The following information is provided for educational purposes only and in no way constitutes legal, tax, or financial advice. For legal, tax, or financial advice specific to your business needs, we encourage you to consult with a licensed attorney and/or CPA in your state. The following information is copyright protected. No part of this lesson may be redistributed, copied, modified or adapted without prior written consent of the author. In this video, we are going to teach you how to research and choose your desired LLC name. The purpose of this video is to help you: avoid infringing upon someone else’s name rights, to help you differentiate your business name from existing entities, and make sure your desired LLC name is available for use. In order to make sure your desired LLC name is available for use, you will need to search it against the existing organized entities on the State’s online database. We will first walk you through some requirements and restrictions and then later we will show you how to perform your search name requirements. Your LLC name must end with the words “Limited Liability Company”, or the abbreviations “L.L.C.” or “LLC”. Using the abbreviation “LLC” is the most common. For example, Joe wants to start a company by the name “Joe’s Landscaping Services”. Since he is forming an LLC, he must file under the name “Joe’s Landscaping Services, LLC”. Again, using the abbreviation “LLC” (or the full word “Limited Liability Company”) is a requirement when forming an LLC. Name restrictions. Your LLC name cannot imply that it is a corporation. You are not allowed to use the words “Corporation” or “Incorporated”, or the abbreviations “Corp.” or “Inc.” anywhere in your LLC name. Let’s look at our example again. Since Joe wants to form an LLC, he cannot call his company “Joe’s Landscaping Services, Inc., LLC” or “Joe’s Landscaping Services Incorporated, LLC”. Your desired LLC name must also be “distinguishable”. This means it cannot be too similar to the names of existing organized entities that are found in the results during the search of the database. We will now illustrate several examples of distinguishability, and we will provide examples you may see while performing your search. Differences in designators, which are the identifiers at the end of a business name. do not create distinguishability. Examples of designators would be “Inc.” or “Corp.” (for Corporations) and “LLC” or “L.L.C” (for Limited Liability Companies). There are other designators as well, but these are the most commonly used. For example, your desired LLC name is “Smith Investments, LLC”, but during the search of the database let’s say you found the business under the name “Smith Investments, Inc.” In this example, your desired LLC name would not be available for use. You would have to think of an alternative name that is unique and different. An example would be “Smith Financial Group, LLC”. Grammatical differences. The following do not create distinguishability: differences and variables in singular, plural, possessive forms of a word. For example, your desired LLC name is “Apple Farm, LLC”. Let’s just say during the search you found the business under the name “Apple Farms, LLC”, or let’s say you also found a business under “Apple’s Farm, LLC” (with an apostrophe s). Both of these names, although slightly different, are too similar and therefore your desired LLC name would not be available for use. An example of an alternative name would be “Apple Orchard, LLC”. The following do not create distinguishability: differences in articles such as “A”, “An”, or “The”. For example, your desired LLC name is “Print Shop, LLC”. Let’s just say that during the search the database you found a business called the “The Print Shop, LLC”, or you found a business called “A Print Shop, LLC”. Again, although they seem different, these names are all the same in the eyes of the State, and therefore your desire LLC name would not be available for use. An alternative name would be “Printing Solutions, LLC”. The following also do not create distinguishability: the use of conjunctions such as “And”, “Or”, and the ampersand symbol. Let’s say your desired LLC name is “Night & Day, LLC” with the ampersand symbol. But during your search, you find a “Night and Day, LLC”, or you found a “Night Day LLC”. Again, both of these examples are too similar, and your desired LLC name is not distinguishable and therefore not available for use. An example of an alternative name will be “Moon and Sunshine, LLC”. The following also do not create distinguishability: the use of certain punctuation such as hyphens, slashes, periods, commas, etcetera. Let’s say your desired LLC name is “Peter Paul & Mary Studios, LLC”, but during your search you found “Peter-Paul-Mary Studios, Incorporated”, or you found a “Peter, Paul, and Mary Studios, Incorporated”. Again, both of these examples are too similar, and therefore your desired LLC name would not be available for use. An alternative example would be “PPM Productions, LLC”. Alphanumeric: differences in numerical, or written numbers does not create distinguishability. For example, let’s say your desired LLC name is “Three Teachers Consulting, LLC” (with a number “three” spelled out), but during your search of the database you found a company called “3 Teachers Consulting, LLC” (with the number “3”). Again, these are deceptively similar; the State does not look at these as any different and therefore your desired LLC name would not be available for use. An alternative example would be “A Few Good Teachers Consulting, LLC”. Deceptively similar names that are too similar to existing organized entities also do not create distinguishability. For example, your desired LLC name is “Speedy Delivery Services, LLC”, but during your search let’s say you find “Speed Delivery Services, LLC”, or you find a “Super Speedy Delivery Services, LLC”. Again, these names are too similar. Therefore your desired LLC name would not be available for use. An example of an alternative name would be “At Your Door Quick, LLC”. Takeaways: as you can see, just filing the paperwork with your desired LLC name is not as straightforward as you may have originally thought. The most important takeaways from showing you all these examples are as follows: it’s important to make sure your name is truly unique and not too similar to the names of existing organized entities; if your desired LLC name is unavailable for use, either by its exact match already being used, or by it being too similar to an existing name, we recommend using some creativity and coming up with a variation of your original LLC name, so that the name is now unique and is “distinguishable”, and stands apart from other businesses. Some additional tips to think of when creating your LLC name are: Make your LLC name easy to spell. You want to make sure people can find you when they’re looking for you. Make your LLC name short. Shorter names are easier for people to remember. Make your LLC name have a positive connotation. Leave people with a good feeling when they hear about your business. You are now ready to search your desired LLC name against the State’s online database. We showed you a number of examples where the desired LLC names were not available for use, but don’t worry. In the next part of this video, we will provide plenty of examples of names that are available for use, so that you can best understand the database and the results that you see. Let’s head over to the State’s online database. The link below this video will take you there. Welcome to the State’s online database. For our 1st example, let’s say your desired LLC name is “Lone Star Ranch, LLC”. Remember that during our search queries we’re not going to enter the letters “LLC”. Let’s first search “Lone Star”. Enter the words into the box and then click “Search by Name”. Anytime you see “Search will return any number of entries” it means the search is too broad, and we need to be a little bit more specific. In this case, I’m going to go ahead and click on “Return to Taxable Entity Search”, and this time let’s enter “Lone Star Ranch”. ‘m going to go ahead and copy that, and then paste it in the box, and let’s hit “Search by Name”. Although you want to go with the name “Lone Star Ranch, LLC”, there’s an existing corporation under that same name, and in this example, your LLC name would not be available for use. Let’s look at another example. There’s a quick link up here called “Taxable Entity Search” which is going to take me right back to the search page. For this example, let’s say your desired LLC name is “Temptations Interior Design, LLC”. Let’s first search the word “Temptations”, I’m going to copy and paste that word here, and hit “Search by Name”. Again, the reason that I’m just typing in the word “Temptations” is I want to see as many businesses as possible to make sure that my name is truly unique. As you can see the list (about halfway down), there’s an existing business by the name of “Temptations Interior Design Gallery”, and although my desired LLC name was “Temptations Interior Design, LLC”, these 2 names are too similar. and we recommend going with an alternative. Let’s look at another example. For this example, let’s say your desired LLC name is “Bob’s Auto Detailing, LLC”. Because the 1st word of the business is unique with the apostrophe “s”, we want to search in multiple forms. Let’s just first search the word “Bobs”. I’m going to enter that into the search box and hit “Search by Name”. As we can see in the list of existing businesses, there’s nothing similar or identical to “Bob’s Auto Detailing. So far so good. Let’s refine our search, as we want to search in multiple different forms. Let’s go just search the word “Bob”. Remember, anytime you see “Search will return X number of entries”, we have to go back and refine our search. So let’s just try “Bob Auto” and see if there’s anything under that name. In this example, it says “Business Name Bob Auto was not found”. Again, that’s a good sign; it means there’s no businesses that start with the words “Bob Auto”. Let’s go back and search again another way. This time, let’s search “Bob apostrophe s”. I’m going to copy and paste that into the search box and hit “Search by Name”. Again, too many entries; you’re going to find this quite often when doing your search. Let’s just go back and refine it a little bit. In this case, let’s do “Bob’s Auto”. All right, as we can see, this search yielded some different results from some of the earlier searches. we have “Bob’s Auto Glass”, “Auto Repair”, “Auto Sales”, “Salvage”, “Truck”, “Automotive”, and “Autoworks”. Since our desired LLC name is “Bob’s Auto Detailing”, we now have thoroughly searched the database and we know that there are no existing names that are either identical or too similar. In this case, your desired LLC name of “Bob’s Auto Detailing, LLC” would be available for use. The reason you want to search all forms of grammar is that the Texas database is not that intelligent, and you want to make sure to search all different forms. Again, most importantly, to make sure that your name is unique. Let’s look at a few more examples. Let’s say that our desired LLC name is “Big Tease Hair Salon, LLC”. I’m going to copy the words “Big Tease” and search those. Here we have “Business Name Big Teas was not found”. In this example, we know there are no businesses in the state of Texas that start with the terminology “Big Tease”. In this example, the desired LLC name “Big Tease Hair Salon, LLC” will be available for use. Let’s look at 1 final example. Let’s say your desired LLC name was “Chocolate Cupcake Factory, LLC”. For this example, let’s just search the word “Chocolate”. The reason that we’re searching only the 1st word of this business, is we want to well as many search results as possible in order to make sure that our business name is truly unique and distinguishable from the existing organized entities. Just make sure that if you do the search and you end up with this message that says “Search returned hundreds or thousands of entries”, we need to refine it a little bit, and in that case we would search “Chocolate Cupcake”. However, let’s just search “Chocolate” and see what we come up with. I’m going to enter the words “Chocolate” and hit “Search by Name”. So here we can see we have 114 matches that were found. Let’s scroll through this list, and as you can see it’s in alphabetical order, and let’s see if there’s anything similar to our desired LLC name. I’m going to go down to the C’s (Chocolate Cake, Chocolate Cat, Chocolate Chip, Chocolate Chip). So far, I don’t see anything with the words “Chocolate Cupcake”, and in this example, the desired LLC name of “Chocolate Cupcake Factory, LLC” is available for use. The main takeaway of this portion of the lesson, is that the Texas database is finicky, and is not the most intelligent and intuitive. You want to search your desired business name as many ways as possible to yield the most search results, in order to make sure that your name is unique and distinguishable from the names of existing organized entities. Once you find the name that is unique and distinguishable (therefore not too similar to any existing businesses), you can then proceed to the next Lesson. And this concludes the Name Research portion.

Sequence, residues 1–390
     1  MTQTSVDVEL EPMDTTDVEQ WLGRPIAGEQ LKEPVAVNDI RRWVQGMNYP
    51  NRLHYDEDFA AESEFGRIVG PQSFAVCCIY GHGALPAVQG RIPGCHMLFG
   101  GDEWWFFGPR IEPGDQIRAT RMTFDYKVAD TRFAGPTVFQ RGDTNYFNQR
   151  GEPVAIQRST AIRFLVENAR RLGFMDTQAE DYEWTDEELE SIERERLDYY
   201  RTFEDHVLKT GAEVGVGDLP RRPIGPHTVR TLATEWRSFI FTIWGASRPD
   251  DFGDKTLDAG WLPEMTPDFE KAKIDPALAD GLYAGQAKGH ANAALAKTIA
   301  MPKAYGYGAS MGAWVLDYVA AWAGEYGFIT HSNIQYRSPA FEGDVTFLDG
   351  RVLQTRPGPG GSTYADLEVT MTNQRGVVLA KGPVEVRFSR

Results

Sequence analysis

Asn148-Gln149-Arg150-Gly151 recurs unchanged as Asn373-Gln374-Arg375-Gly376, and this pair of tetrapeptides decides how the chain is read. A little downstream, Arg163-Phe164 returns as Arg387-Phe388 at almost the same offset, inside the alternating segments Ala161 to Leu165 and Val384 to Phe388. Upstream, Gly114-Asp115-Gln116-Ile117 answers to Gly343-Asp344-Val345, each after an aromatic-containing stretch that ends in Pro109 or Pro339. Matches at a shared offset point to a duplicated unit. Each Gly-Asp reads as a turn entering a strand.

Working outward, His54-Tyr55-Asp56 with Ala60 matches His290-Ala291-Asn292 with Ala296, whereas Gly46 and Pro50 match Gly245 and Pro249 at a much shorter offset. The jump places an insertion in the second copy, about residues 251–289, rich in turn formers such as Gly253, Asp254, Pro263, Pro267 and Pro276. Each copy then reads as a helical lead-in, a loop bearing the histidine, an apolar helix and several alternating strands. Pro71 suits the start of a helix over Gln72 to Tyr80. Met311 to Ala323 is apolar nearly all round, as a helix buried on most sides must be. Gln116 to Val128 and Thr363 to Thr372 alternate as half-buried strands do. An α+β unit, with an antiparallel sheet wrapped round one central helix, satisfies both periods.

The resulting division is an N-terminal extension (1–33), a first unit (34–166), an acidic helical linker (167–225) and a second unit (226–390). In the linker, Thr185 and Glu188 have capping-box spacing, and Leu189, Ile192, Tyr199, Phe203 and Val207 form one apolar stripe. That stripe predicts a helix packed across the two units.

As per Section 5.056 of the Texas Business Organizations Code, your LLC must have one of the following designators: